Tips and strategies – How do you teach kids about money?
You have to start off slow – like teaching them to ride a bike. First, start with training wheels, then remove the extra wheels and hold on to the bike – helping your child balance, until they are steady, and ready to let go, and pedal on their own as you run alongside them cheering them on. Teaching kids to be money savvy is much the same way. We begin with the basics. Then give them more freedom and eventually encourage them in their own effort and journey.
Here are some tips and strategies about helping kids earn money, money matching, saving money, and giving money. Plus, a great new app that helps parents and kids visually see the progress in the three categories of spending, saving, and giving.
Teaching kids how to spend, save, and give at an early age allows your child to grow up with a healthy understanding of money-management. This is the training wheel phase and you can lead by example. Teach your kids how you manage your own money.
To spend money, kids first need to earn it. Instead of just giving your child money, have them earn it, or provide a reward for hard work or meeting goals. For example, they can earn x amount of dollars for getting all A’s on a report card. Another example would be to reward them for chores, or a list of tasks with an amount of money to be earned based on the difficulty and time commitment of the task. This teaches children character and responsibility. Have you ever noticed some kids seem to not care about their things? For example, they get a new bike and just throw it down, or leave it in the yard to rust. Another example is they leave all the marker tops off the brand new box of markers and they become all dried up and can no longer be used. This wastefulness and lack of ownership can be irritating as a parent. But, having the child earn these items, through chores, and saving their own money, would create a sense of ownership and kids would be more likely to take responsibility for their things. Learning the value of each $1 is a very powerful lesson.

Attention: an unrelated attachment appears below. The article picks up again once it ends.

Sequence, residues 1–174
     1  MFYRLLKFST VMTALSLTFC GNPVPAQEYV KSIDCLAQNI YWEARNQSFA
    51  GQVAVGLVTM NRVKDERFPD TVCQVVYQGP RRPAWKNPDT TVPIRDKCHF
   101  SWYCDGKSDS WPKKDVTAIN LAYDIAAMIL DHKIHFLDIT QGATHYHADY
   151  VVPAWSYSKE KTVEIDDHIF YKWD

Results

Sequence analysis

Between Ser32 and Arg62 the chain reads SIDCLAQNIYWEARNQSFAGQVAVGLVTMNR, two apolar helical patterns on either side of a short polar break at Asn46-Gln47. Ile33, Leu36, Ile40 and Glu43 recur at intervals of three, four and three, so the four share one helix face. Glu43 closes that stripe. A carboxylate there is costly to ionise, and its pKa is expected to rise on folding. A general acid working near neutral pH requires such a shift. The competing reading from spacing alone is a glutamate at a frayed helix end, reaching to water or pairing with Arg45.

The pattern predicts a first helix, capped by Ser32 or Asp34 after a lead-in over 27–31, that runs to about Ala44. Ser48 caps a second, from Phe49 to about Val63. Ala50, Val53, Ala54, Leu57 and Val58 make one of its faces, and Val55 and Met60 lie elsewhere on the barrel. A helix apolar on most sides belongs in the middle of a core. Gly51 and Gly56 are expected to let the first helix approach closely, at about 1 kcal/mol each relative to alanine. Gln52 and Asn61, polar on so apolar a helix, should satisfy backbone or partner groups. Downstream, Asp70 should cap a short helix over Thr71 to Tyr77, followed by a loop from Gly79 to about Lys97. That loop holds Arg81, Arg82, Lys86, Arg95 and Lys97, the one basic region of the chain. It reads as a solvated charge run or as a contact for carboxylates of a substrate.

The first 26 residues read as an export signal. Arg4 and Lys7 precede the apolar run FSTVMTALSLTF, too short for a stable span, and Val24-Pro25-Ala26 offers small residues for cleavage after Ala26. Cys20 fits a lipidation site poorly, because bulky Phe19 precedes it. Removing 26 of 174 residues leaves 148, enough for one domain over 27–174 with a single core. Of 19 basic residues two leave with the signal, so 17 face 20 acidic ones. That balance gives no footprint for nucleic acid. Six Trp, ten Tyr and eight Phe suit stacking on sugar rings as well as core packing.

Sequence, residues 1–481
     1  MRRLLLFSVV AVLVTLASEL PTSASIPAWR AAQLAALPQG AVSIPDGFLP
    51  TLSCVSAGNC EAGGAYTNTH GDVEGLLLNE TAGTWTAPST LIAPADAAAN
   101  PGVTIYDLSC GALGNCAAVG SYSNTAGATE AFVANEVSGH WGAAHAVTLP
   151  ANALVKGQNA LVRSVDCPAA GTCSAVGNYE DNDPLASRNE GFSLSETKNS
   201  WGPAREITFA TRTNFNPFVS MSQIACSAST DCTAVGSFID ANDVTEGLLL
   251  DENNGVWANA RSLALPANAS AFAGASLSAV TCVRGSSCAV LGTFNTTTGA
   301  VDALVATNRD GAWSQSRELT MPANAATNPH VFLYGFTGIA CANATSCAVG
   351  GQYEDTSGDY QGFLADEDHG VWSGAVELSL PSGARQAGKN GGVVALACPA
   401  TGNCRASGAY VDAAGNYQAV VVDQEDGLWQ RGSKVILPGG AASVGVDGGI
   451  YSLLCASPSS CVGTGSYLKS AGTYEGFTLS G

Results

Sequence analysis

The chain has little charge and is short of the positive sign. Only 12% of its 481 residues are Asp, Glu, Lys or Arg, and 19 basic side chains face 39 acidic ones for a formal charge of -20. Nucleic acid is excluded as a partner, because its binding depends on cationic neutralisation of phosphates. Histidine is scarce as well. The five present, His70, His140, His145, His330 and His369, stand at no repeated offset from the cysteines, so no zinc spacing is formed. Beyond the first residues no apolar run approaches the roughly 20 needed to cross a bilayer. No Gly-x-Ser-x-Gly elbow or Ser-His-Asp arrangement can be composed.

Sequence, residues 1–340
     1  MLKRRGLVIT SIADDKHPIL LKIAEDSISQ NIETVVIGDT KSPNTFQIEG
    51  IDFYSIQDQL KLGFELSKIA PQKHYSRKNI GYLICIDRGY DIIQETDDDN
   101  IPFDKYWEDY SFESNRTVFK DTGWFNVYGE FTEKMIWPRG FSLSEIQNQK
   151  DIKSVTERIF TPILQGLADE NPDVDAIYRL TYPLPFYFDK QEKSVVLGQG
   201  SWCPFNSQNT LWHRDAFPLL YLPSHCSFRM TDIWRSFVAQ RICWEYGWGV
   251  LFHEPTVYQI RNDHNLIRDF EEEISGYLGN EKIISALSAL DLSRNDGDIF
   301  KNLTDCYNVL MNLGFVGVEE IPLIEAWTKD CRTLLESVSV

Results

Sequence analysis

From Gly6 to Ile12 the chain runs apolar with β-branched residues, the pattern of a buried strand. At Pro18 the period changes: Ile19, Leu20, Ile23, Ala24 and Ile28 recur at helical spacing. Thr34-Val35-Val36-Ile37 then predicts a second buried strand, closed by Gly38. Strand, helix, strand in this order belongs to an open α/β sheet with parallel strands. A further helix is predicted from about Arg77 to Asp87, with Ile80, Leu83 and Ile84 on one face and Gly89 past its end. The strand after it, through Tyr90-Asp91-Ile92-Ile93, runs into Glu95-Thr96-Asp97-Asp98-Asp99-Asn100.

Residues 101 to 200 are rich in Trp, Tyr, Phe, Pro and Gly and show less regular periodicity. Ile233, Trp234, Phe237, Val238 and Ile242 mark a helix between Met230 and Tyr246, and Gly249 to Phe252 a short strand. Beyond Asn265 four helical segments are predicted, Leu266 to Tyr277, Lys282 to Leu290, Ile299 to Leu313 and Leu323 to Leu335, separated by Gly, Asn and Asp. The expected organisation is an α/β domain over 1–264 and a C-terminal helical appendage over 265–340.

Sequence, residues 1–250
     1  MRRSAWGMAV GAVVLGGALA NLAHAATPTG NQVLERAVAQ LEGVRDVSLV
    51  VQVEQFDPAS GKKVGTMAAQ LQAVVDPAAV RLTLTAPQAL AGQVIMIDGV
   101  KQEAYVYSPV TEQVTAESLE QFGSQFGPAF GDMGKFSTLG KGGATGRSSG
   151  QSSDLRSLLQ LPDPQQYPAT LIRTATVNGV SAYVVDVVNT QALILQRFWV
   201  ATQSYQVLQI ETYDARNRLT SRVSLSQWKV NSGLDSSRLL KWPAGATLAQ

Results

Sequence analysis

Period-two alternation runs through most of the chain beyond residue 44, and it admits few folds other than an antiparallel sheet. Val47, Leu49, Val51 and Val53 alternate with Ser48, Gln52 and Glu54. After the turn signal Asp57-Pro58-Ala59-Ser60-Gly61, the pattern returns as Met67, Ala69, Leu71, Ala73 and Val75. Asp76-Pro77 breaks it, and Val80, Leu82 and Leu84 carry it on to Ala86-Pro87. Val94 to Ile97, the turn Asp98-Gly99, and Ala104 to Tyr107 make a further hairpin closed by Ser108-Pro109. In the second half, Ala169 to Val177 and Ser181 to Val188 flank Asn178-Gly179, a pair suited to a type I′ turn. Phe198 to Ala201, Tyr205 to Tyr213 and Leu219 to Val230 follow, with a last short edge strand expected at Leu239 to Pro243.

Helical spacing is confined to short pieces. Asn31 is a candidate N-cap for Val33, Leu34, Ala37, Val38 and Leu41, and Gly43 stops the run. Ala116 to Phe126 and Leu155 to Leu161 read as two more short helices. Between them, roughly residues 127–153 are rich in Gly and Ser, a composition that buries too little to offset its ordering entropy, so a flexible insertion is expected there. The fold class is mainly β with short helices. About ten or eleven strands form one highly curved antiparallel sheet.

Kids can learn so much from managing their own money – such as patience, the value of money, hard work, responsibility, and budgeting. They feel empowered to make decisions about how to spend their money and must learn to make trade-offs when making purchases. This teaches critical thinking skills as well.
Parents can encourage children to save a portion of their allowance or earnings. This teaches kids delayed gratification and how to make savings a healthy habit. You can allocate a portion of your child’s allowance to a savings account. Parents can even match kids’ savings or provide a percentage as interest to teach them about compound interest. This gives your child incentive to work hard and save money instead of letting it burn a hole in their pocket. Matching allows you to give your child money, but also build their character instead of raising an entitled child. They see how hard work, dedication, and perseverance can pay off in the long run (literally).
Kids can learn to be generous with their money at an early age. Teaching kids generosity empowers them to be able to find and support causes that are close to their heart. They will feel great about being able to contribute to the world in a positive way and see how their money can make an impact in their community, or abroad. Check out Tim Goodwin’s video titled, “How to teach your kids to be generous with money.”
Financial Peace for kids
Financial Peace Jr.
is a Dave Ramsey guide that gives parents the tools they need to raise money-smart kids. Some of you may have completed Financial Peace University for yourselves, and now you can use the same tools to teach your children as well. The kit covers four basic concepts: working, spending, saving and giving. The kit includes a parent guide for different ages and stages of understanding, plus an activity book for your kids with different money lessons and an ebook as well as a few other fun items.